Since you mention several themes, you might want to point out that some of them are interrelated and can be discussed together. For example, the theme of social snobbery is tied in with the theme of "appearance versus reality." Social snobbery usually refers to the way society looks down on people due to the circumstances beyond their control—how much money they have, their looks, their background. In other words, social snobbery is all about appearance rather than reality. There are many incidents in Pygmalion where people are judged solely upon their appearance.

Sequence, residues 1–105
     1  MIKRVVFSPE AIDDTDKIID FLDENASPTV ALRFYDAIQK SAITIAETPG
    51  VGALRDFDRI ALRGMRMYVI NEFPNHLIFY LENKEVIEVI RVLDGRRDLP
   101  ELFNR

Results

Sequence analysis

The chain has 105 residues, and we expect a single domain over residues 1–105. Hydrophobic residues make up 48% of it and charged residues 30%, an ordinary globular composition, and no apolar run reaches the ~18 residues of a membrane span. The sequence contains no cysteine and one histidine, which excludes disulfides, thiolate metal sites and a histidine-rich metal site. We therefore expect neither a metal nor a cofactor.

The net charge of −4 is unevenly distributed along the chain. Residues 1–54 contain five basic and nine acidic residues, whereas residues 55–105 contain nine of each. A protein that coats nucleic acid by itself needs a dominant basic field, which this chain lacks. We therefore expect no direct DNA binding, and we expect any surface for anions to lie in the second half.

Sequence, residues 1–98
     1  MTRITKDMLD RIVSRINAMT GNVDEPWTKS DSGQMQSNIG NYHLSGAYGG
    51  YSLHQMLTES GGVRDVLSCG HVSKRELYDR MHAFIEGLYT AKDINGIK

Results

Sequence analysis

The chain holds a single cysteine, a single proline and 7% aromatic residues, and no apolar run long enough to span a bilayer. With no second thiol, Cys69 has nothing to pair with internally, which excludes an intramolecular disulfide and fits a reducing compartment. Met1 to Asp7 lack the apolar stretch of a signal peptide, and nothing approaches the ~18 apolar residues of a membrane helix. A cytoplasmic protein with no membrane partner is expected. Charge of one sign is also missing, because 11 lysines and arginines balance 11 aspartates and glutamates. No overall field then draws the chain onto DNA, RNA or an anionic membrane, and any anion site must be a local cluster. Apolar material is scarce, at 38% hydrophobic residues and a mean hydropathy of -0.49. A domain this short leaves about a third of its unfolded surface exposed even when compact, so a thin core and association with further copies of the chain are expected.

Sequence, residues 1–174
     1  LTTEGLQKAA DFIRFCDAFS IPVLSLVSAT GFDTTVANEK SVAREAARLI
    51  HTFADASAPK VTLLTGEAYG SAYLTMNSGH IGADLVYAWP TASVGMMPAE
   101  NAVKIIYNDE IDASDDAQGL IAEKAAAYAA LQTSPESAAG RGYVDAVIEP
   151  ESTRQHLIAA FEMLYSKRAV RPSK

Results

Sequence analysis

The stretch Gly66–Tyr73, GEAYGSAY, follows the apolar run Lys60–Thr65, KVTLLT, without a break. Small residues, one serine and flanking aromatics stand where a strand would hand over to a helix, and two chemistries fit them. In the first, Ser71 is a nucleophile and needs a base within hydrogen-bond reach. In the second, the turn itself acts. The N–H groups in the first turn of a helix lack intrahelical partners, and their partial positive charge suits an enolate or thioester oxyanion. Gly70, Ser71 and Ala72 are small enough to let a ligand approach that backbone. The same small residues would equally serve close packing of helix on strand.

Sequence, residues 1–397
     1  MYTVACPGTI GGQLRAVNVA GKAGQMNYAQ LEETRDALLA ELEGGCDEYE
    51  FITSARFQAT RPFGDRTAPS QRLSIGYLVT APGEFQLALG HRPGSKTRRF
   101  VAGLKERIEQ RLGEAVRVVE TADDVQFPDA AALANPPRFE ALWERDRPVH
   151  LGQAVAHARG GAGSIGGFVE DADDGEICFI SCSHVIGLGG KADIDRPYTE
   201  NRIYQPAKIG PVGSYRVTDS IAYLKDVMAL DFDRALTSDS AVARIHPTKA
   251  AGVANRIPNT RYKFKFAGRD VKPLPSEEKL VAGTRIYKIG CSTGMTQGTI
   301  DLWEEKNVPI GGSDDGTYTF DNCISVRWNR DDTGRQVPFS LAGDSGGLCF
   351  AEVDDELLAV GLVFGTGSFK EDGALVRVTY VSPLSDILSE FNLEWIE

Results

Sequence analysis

The theme of social transformation is likewise related to the theme of education and the theme of creation. Higgins sets out originally to merely "educate" Eliza. (He does have some social transformation in mind, but he thinks it will be merely superfluous and temporary.) However, due to the process of education, Eliza actually becomes someone else—she is unable to go back to her old self and old life—and Higgins, in essence, has created a new person. It is important to mention here the transformation and education of Higgins himself (has he learned from the experience?) along with the experience of the other characters, namely, Alfred Doolittle, Eliza's father.